As college students leave the Palouse each spring, the local animal shelters are flooded with inquiries from pet owners who can no longer care for their dog or cat.
"We usually get quite a lot of calls about dogs, specifically," said Whitman County Humane Society Director of Shelter Operations Brittany Bryant. "We put them on our waiting list, but they don't give us a lot of time to make room for a new one."
The Whitman County Humane Society has room for, at most, twelve dogs and about twice as many cats. So they're forced to turn away many unwanted pets.
"Unfortunately, we always at some point have to because then it becomes inhumane to have an overflow of animals," said Bryant.
At that point, some of the animals are left to fend for themselves. Especially cats.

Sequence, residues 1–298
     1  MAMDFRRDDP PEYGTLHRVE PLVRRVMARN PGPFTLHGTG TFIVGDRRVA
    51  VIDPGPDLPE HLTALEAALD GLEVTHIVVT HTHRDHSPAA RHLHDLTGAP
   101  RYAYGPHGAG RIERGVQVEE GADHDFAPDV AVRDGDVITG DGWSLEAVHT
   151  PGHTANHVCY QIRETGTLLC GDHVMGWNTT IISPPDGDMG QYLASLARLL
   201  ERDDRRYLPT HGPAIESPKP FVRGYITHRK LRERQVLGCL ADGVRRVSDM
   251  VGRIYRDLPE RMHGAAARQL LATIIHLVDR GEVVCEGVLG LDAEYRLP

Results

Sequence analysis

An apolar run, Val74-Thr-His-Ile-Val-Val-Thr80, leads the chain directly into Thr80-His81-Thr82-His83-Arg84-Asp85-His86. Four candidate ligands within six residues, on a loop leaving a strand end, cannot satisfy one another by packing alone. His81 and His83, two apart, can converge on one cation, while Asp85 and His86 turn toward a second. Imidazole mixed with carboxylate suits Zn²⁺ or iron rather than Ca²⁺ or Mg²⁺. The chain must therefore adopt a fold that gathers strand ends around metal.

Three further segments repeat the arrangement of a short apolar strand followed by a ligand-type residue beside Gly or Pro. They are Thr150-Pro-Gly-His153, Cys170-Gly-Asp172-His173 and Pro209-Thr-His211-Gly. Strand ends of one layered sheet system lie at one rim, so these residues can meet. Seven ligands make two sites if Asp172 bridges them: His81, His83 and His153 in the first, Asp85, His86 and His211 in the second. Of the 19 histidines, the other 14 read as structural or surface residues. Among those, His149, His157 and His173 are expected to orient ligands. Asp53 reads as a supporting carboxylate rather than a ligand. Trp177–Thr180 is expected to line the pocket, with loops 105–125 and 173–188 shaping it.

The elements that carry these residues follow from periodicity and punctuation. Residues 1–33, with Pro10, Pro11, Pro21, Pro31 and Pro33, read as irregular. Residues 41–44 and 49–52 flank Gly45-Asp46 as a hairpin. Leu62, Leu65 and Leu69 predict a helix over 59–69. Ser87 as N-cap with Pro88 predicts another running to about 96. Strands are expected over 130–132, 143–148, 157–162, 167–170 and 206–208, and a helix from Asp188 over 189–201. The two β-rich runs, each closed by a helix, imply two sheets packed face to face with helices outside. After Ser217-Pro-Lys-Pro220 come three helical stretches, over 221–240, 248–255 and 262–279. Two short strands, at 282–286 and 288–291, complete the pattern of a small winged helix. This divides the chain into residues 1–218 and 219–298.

"A lot of the cats, they're indoor cats," said Bryant. "If you just throw them outside, they're not going to be prepared to deal with that and they can get hit by cars, that happens quite a lot."
"If you talk to property management people, you'll find that a lot of cats that are left in the apartments, and some of them are left in there for two weeks and they live on the toilet water.," said Spay Neuter Clinic Executive Director Dr. Tammy Faulkner.
Faulkner said she gets a lot of calls this time of year from pet owners in a bind.
"They say, 'I have no other option,'" said Faulkner. "What's the only thing that I can do? I can either put it to sleep, or take it in myself. There isn't any other options."
She says that it's an upsetting trend, but when all the local shelters are no-kill, there's usually no room for new animals.
"We want to blame it on the students, but at least they try," said Faulkner. "They tried to find a home, and they tried to bring them into the shelter, but the shelters are full. When you have no-kill shelters, that's the reality."
On a lighter note, adoption rates are higher during the summer, so the pets in shelters have a better chance of finding a home.